The Wall Street Journal recently ran an article about burgeoning graduate student debt. This phenomenon began in the last decade because of the Grad PLUS Loan Program, which covers all tuition charges at graduate and professional schools as well as living expenses. The point was to eliminate private lenders, who weren’t seen as offering fair terms to graduate and professional students.
Graduate loans are usually not dischargeable in a New York bankruptcy, but they are eligible for the many loan repayment programs I wrote about last week. One feature common to them is loan cancellation after 10, 20, or 25 years, which is why the WSJ refers to them as “debt-forgiveness programs” even though that’s not their main purpose.
The WSJ interviewed a lawyer who looks forward to the day when her $300,000 in student loan debt is forgiven. The question the WSJ didn’t ask is, what happens to these debtors when their taxes become due? Unless they were enrolled in the 10-year Public-Service Loan Forgiveness program, these debtors will need to declare their canceled student loans as income.
That April 15 is still a long way off for those debtors, but the situation is similar to when homeowners short-sell their homes and receive Form 1099-Cs from the lenders, so it’s worth discussing.
The main issue for a debtor-taxpayer is whether they are “solvent,” a term the IRS defines in section 108 of the Internal Revenue Code. Understandably, insolvency is essentially when the fair-market value of one’s liabilities is greater than that of one’s assets. When a taxpayer is insolvent, then under section 108(a)(1)(B), he or she need not count the discharged amount as gross income. Incidentally, this section also permits taxpayers to exclude debts discharged in “a title 11 case,” i.e. bankruptcy.
There is a catch, however. Section 108(a)(3) limits the excluded amount to the extent the taxpayer is insolvent. The IRS gives an example of what this means. To paraphrase:
“Greg” has assets of $7,000 and liabilities of $15,000—so a net worth of -$8,000. Greg’s credit card lender cancels a $5,000 credit card debt and sends him Form 1099-C. He is insolvent to the extent of $8,000, so he can exclude the entire $5,000 from his gross income.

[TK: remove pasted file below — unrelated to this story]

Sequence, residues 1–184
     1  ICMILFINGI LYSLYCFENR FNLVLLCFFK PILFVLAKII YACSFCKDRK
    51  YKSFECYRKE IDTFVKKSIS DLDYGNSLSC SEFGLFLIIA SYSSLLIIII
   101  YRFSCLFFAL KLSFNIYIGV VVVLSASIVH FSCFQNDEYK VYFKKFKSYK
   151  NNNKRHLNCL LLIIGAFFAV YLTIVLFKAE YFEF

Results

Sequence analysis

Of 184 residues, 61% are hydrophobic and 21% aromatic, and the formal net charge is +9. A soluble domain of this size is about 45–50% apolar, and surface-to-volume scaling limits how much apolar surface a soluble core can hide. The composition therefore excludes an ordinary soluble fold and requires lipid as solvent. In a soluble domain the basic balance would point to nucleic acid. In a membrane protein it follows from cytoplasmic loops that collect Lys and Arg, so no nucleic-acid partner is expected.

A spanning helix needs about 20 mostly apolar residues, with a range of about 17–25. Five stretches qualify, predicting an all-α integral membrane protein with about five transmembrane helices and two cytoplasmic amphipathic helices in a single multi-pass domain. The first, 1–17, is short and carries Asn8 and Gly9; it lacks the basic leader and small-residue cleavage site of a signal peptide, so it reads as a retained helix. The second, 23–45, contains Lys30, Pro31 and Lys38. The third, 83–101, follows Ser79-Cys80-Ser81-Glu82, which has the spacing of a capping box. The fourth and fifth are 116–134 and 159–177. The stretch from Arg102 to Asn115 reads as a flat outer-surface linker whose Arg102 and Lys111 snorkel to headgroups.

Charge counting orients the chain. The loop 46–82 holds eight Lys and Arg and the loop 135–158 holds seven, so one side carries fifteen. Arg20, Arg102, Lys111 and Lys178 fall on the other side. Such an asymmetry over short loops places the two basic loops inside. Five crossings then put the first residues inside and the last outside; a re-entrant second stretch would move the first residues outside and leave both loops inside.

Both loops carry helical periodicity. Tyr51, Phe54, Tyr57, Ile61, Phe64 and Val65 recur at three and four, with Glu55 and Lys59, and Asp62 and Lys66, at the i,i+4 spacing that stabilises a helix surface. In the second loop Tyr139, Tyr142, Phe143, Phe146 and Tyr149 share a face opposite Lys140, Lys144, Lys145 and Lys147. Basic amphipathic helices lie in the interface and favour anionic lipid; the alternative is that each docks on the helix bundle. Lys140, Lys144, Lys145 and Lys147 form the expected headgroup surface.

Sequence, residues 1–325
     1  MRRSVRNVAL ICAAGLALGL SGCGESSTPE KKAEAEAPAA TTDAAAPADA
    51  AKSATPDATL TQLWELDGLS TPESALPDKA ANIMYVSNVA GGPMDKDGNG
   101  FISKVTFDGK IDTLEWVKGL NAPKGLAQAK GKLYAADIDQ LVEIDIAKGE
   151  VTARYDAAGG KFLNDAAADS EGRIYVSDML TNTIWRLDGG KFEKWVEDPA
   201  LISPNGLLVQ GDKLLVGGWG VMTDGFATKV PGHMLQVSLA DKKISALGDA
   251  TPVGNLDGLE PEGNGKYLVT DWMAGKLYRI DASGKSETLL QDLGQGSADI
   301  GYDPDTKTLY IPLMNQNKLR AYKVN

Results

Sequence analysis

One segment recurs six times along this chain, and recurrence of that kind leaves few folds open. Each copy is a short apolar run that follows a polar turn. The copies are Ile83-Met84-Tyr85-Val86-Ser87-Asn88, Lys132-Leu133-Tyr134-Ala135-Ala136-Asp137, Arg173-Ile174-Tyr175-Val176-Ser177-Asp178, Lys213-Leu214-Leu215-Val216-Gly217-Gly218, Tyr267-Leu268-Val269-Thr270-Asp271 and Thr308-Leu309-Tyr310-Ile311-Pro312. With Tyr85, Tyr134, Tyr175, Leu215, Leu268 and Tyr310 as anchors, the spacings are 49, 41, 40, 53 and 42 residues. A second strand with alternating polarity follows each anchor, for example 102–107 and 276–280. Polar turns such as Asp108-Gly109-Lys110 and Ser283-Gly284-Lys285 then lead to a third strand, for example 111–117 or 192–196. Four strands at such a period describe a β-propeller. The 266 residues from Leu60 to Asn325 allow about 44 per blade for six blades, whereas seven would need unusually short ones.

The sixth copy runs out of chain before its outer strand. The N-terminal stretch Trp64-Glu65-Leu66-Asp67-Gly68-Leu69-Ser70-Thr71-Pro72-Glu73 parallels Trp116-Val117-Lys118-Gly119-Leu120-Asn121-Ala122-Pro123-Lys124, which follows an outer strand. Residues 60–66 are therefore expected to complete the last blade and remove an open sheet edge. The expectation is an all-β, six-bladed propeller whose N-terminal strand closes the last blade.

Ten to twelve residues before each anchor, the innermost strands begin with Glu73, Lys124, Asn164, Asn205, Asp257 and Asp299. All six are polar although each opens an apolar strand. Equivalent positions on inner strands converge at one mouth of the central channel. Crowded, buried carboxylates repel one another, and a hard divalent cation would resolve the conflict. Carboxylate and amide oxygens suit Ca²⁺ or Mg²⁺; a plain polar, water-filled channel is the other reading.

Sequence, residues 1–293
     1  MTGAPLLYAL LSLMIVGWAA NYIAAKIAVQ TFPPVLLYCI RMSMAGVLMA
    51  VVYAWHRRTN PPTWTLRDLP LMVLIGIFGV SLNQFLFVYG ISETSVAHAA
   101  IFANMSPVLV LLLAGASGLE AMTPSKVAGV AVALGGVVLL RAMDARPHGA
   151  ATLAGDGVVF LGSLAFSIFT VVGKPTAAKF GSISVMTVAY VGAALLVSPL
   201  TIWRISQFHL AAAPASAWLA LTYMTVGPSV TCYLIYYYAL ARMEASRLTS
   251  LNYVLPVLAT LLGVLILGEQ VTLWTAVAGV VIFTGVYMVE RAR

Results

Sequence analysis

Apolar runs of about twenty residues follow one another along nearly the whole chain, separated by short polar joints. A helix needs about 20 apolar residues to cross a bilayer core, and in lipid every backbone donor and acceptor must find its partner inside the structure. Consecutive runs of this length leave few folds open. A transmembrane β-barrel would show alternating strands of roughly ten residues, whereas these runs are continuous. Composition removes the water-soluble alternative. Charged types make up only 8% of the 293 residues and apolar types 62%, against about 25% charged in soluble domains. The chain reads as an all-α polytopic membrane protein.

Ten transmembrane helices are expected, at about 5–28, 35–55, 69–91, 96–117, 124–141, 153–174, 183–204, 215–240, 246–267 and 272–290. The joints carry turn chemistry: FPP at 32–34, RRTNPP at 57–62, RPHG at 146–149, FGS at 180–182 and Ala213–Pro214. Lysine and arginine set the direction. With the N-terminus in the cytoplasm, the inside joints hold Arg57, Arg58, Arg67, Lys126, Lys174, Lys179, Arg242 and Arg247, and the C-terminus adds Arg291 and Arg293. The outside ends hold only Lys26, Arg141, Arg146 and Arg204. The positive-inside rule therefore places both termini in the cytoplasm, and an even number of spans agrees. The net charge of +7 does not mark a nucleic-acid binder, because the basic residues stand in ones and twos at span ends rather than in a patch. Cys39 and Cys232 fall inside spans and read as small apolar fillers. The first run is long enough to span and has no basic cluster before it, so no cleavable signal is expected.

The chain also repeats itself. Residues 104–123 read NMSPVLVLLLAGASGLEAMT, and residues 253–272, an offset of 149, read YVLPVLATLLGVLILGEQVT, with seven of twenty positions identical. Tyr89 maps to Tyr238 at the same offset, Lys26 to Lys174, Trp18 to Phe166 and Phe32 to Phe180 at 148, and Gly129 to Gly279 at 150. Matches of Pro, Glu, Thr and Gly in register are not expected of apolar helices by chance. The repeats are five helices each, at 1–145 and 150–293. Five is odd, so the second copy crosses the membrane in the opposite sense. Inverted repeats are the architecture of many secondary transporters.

In an alternative example, Greg has only $10,000 in liabilities, leading to a net worth of -$3,000. Therefore, he can only exclude $3,000 from his gross income due to the canceled debt. The remaining $2,000 counts as income that Greg must pay tax on. Importantly, this doesn’t mean he must pay all $2,000 to the government, it’s just added to his gross income for the year. He might ultimately pay no more than 35 percent of it, and the example doesn’t even tell us what Greg’s income is.
The point is that people who short-sell their homes but still have other assets—or as we’ll see in the coming decades, highly indebted students—aren’t forced to liquidate all of their assets if their canceled debts would otherwise wipe them out. IRS insolvency is not bankruptcy.
The tax on the forgiven debt must still be paid, and that can lead to other financial problems. If you are interested in short-selling your home, it might benefit you to talk to an experienced New York bankruptcy lawyer.
For answers to more questions about bankruptcy, the automatic stay, effective strategies for dealing with foreclosure, and protecting your assets in bankruptcy please feel free to contact experienced Brooklyn bankruptcy trustee Bruce Weiner for a free initial consultation.